“Help! I’m drowning,” employees holding underwater stock options may be crying.
At the same time, institutional shareholders are singing a song called, “Don’t dilute me, let them go,” meaning employee holders of stock options and the options themselves.
With the stock market’s downward slide, many employers are finding themselves caught in deep water on the issue of stock options. As companies’ stocks dive, the employees they retained and lured with options are waking up to the fact that the current price of the stock has sunk below the exercise price of their options. In current parlance, those options are “underwater.”
Such employees may find that competing companies may be more than ready to pull them out of the drink. The double-whammy of the declining stock market and a labor market holding firm at just 4 percent unemployment is thus forcing many companies to rethink their approaches to equity options just to keep up with the competition for key talent.
Some may, for instance, reprice their underwater options or cancel them and issue new ones. (Both moves involve accounting caveats under the Financial Accounting Standards Board’s Interpretation No. 44, “Accounting for Certain Transactions Involving Stock Compensation.”) Or they may swap restricted stock for their employees’ drowning options.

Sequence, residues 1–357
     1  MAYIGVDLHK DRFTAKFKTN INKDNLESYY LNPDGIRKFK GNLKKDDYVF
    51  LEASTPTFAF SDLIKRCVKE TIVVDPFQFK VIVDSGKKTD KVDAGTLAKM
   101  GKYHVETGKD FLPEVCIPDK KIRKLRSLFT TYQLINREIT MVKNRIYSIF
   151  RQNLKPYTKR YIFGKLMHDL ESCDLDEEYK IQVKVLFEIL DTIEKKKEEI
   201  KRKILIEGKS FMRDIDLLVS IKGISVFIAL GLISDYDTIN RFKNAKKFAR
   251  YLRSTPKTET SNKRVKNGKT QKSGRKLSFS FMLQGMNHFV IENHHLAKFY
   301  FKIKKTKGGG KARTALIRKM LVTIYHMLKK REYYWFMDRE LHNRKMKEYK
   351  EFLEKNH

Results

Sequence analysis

But some action seems crucial now, if employers want to hold on to their talented, option-holding workers. Some companies may choose to discipline employees by letting them wallow in their underwater options. But that’s a bad idea.
“A company should not use underwater options as a way of disciplining management,” says Marshall Scott, a senior consultant in Chicago, with William M. Mercer Inc., the big benefits-advice firm.
“If you think managers are doing a poor job, then fire them,” Scott says. To continue to allow them to hold underwater options “is death by a thousand cuts,” he adds.
At the same time, besides the tight labor market and the declining stock market, employers are being hexed by means of a third whammy (slang for a “supernatural spell for subduing an adversary,” says The American Heritage Dictionary of the English Language). That’s the loud protests of institutional shareholders, who are battling to gain control of the use of stock options. They also represent a possible source of resistance to repricing options to benefit employees.
When a stock plummets, shareholders may be upset “because nobody’s resetting their share price,” Scott says.
Which factor should weigh more heavily on the minds of senior financial executives as they ponder the use of stock options as a compensation tool: The demands of big shareholders or the need to compete in the tight labor market?
A Simple Answer
I’ve got a simple answer. While shareholders have a right to know what’s going on in terms of the issuance of options at the companies they’re investing in, maintaining a competitive workplace must be a higher priority—for the shareholders’ own good as much as that of management and employees.